Viewability: Users See the Ads; Do Marketers See the Value?
[Editor's note: This is a contributed article attempting to make the case for viewability as a metric. We thought this would stir a bit of debate due to the growing need for content marketing attribution, which marketing teams are using to determine which touchpoints matter.]
ZenithOptimedia estimates display ad spending will reach $50 billion this year. At the same time, numerous industry estimates state that roughly 50 percent of ads are never seen. That's approximately $25 billion wasted this year … just on display.
Given the Media Ratings Council's recent announcement on the progress of viewability standardization across vendors, you'd expect every agency to dive headfirst into applying viewability measurement across their campaigns. But a funny thing happened on the way to typical vendor assessment …
Rather than enduring endless pitch decks touting the latest "must-have" product, agencies are instead demanding specific use cases for how a viewability solution unlocks additional media value. In order to prove the utility of a viewability solution to their advertiser clients, agencies are demanding that viewability data, by default, be layered against performance metrics (viewable CPM, viewable CPC, etc.), and not just represented as a standalone data point.
The potential value goes beyond campaign planning and assessment. Agencies increasingly are interested in sophisticated attribution models. While ascribing value to a complex chain of ads can be difficult, the addition of viewability can increase the confidence that the ROI assessment is both thorough and accurate.
Attribution models, after all, take into account more than just clicks, interactions and conversions. Though their value can be difficult to assess, every ad exposure can be meaningful, and they often serve as critical links in the path to conversion. When assessing the impact of a display touchpoint, sophisticated attribution models ought to consider viewability when determining the true contribution of an ad impression.
By measuring whether an ad was not only viewable, but actively viewable (active browser tab and window), an advertiser can feel confident that ad impressions "filling the gaps" between ad interaction events contributed in some way to the attribution model.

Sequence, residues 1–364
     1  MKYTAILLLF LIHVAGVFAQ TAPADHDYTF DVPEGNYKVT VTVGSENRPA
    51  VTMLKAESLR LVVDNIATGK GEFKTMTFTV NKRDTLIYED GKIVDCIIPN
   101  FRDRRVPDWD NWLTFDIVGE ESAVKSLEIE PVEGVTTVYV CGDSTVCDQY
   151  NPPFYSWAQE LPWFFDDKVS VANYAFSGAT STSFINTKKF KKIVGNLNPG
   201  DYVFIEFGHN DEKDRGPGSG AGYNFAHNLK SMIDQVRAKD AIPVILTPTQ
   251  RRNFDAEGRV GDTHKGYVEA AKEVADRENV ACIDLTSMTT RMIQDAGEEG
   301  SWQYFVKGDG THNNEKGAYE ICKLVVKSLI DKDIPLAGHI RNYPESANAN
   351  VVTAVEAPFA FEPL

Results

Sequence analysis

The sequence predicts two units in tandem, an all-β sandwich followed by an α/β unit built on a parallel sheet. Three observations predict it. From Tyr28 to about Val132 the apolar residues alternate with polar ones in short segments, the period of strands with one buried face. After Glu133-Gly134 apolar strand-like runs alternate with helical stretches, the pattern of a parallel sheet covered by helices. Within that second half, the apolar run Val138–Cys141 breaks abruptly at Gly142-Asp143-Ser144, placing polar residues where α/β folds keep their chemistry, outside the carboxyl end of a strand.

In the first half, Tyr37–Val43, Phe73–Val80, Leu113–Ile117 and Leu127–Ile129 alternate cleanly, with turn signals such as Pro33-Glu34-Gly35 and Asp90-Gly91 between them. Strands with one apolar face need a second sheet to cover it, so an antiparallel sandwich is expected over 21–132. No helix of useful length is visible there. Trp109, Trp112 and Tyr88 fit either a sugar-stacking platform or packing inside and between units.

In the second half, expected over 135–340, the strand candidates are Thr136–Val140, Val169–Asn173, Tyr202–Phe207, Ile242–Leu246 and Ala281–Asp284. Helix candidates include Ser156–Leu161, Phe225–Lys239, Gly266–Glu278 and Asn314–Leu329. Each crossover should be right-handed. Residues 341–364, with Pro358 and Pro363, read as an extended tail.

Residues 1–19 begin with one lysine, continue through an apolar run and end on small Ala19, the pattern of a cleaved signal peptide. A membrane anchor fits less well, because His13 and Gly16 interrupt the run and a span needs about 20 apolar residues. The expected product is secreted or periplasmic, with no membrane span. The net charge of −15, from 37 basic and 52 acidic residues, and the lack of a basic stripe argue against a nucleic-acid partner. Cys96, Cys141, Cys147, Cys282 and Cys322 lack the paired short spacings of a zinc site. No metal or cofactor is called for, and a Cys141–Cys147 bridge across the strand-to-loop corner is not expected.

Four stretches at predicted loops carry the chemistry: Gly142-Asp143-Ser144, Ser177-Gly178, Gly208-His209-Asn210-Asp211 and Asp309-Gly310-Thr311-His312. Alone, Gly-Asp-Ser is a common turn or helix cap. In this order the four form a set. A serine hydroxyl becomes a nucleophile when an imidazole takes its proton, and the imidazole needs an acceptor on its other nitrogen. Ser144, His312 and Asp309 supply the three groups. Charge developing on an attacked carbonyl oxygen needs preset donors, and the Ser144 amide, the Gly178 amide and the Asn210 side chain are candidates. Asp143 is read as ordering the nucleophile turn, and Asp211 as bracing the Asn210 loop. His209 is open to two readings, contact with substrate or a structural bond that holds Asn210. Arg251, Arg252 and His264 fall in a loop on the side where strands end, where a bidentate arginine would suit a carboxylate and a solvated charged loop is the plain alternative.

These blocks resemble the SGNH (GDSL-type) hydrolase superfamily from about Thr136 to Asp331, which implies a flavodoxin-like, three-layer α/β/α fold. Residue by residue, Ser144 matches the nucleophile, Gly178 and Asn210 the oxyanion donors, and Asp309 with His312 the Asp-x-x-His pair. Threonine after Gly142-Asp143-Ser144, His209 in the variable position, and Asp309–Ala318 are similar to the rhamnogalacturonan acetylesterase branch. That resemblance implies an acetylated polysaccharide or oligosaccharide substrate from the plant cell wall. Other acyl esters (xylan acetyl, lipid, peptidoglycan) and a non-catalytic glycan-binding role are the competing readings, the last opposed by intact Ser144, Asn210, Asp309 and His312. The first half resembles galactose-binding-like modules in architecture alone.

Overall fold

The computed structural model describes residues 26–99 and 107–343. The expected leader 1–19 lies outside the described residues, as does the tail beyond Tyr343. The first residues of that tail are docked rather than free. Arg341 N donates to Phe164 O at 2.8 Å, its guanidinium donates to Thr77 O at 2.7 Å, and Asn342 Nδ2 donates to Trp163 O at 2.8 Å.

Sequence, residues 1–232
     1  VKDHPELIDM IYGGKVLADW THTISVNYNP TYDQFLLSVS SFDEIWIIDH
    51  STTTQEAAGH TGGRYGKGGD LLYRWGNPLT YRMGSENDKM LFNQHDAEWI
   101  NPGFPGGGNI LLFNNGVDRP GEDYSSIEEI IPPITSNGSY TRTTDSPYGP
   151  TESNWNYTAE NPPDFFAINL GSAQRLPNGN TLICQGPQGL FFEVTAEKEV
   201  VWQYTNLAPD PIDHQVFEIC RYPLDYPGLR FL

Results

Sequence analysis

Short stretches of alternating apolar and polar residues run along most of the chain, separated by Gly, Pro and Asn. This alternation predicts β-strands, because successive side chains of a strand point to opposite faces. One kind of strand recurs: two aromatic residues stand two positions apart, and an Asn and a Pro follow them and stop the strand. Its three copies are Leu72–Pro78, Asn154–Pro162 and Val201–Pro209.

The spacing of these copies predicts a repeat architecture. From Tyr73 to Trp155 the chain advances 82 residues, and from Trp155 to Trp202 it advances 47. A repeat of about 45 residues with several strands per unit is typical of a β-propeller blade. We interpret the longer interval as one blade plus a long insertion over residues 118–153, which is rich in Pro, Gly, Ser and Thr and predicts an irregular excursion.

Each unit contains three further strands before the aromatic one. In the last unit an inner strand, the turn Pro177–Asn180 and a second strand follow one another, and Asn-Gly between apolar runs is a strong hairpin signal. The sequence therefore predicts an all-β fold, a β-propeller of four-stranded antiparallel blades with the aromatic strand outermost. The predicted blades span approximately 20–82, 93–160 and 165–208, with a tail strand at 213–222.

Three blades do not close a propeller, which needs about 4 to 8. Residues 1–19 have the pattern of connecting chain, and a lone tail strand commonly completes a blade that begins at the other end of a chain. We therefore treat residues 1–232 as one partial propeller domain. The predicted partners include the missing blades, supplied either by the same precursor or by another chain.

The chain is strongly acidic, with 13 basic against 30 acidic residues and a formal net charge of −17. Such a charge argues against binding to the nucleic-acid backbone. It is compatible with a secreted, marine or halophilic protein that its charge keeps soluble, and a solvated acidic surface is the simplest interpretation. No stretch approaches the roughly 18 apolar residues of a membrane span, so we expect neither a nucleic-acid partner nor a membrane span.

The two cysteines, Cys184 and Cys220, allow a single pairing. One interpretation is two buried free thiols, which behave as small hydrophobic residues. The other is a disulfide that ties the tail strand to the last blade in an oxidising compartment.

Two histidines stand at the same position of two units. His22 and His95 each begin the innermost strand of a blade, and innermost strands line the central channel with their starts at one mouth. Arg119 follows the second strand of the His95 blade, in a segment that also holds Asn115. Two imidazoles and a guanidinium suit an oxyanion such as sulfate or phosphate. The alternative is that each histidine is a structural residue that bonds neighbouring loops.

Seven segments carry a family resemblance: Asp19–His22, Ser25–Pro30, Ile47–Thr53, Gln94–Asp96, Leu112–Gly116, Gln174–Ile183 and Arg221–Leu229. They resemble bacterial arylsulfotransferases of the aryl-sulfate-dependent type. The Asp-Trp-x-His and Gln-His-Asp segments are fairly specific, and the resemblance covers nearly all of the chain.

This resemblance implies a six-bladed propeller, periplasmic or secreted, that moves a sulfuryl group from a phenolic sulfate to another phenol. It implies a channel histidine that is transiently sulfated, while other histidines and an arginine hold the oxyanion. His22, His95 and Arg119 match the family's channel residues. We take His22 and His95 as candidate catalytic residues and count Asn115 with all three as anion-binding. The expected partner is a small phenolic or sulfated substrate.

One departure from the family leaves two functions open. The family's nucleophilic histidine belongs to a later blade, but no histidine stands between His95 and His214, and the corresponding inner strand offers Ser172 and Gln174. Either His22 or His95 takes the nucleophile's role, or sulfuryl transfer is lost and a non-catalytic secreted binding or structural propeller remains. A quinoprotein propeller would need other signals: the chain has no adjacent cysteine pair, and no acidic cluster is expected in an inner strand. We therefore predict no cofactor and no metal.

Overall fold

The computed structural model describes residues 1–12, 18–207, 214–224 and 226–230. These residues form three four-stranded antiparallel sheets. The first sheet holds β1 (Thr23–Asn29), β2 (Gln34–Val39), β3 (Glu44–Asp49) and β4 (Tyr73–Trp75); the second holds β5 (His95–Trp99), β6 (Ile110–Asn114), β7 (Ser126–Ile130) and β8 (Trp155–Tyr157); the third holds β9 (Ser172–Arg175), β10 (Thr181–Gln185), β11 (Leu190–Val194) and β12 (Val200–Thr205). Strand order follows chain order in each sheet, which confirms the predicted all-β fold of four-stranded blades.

And of course this goes beyond display. The MRC's recent announcement also signaled to many that we'll begin to see far more TV dollars shifting to digital video now that viewability is gaining increased momentum but, again, agencies are expecting more.
Reaching the correct target audience is still the primary objective of a TV buyer. As TV dollars shift to online video, the first order of business is simulating audience buys by incorporating online GRP metrics into overall media planning. It's here that the addition of viewability becomes valuable. By tracking whether a video ad is actively viewable, a video ad buyer can also better simulate the TV experience, in addition to audience measurement. In a world of muted, autoplay video ads, this is becoming even more important.
The early results are telling when viewability becomes a focal point of media planning and optimization. Our own research at Sizmek shows that viewable impressions increase CTR by 54 percent and engagement rates by a factor of 2.5. Performance like this—for brand marketers with reach goals, or direct response marketers interested in conversion events—brings increased confidence in digital advertising, as a whole.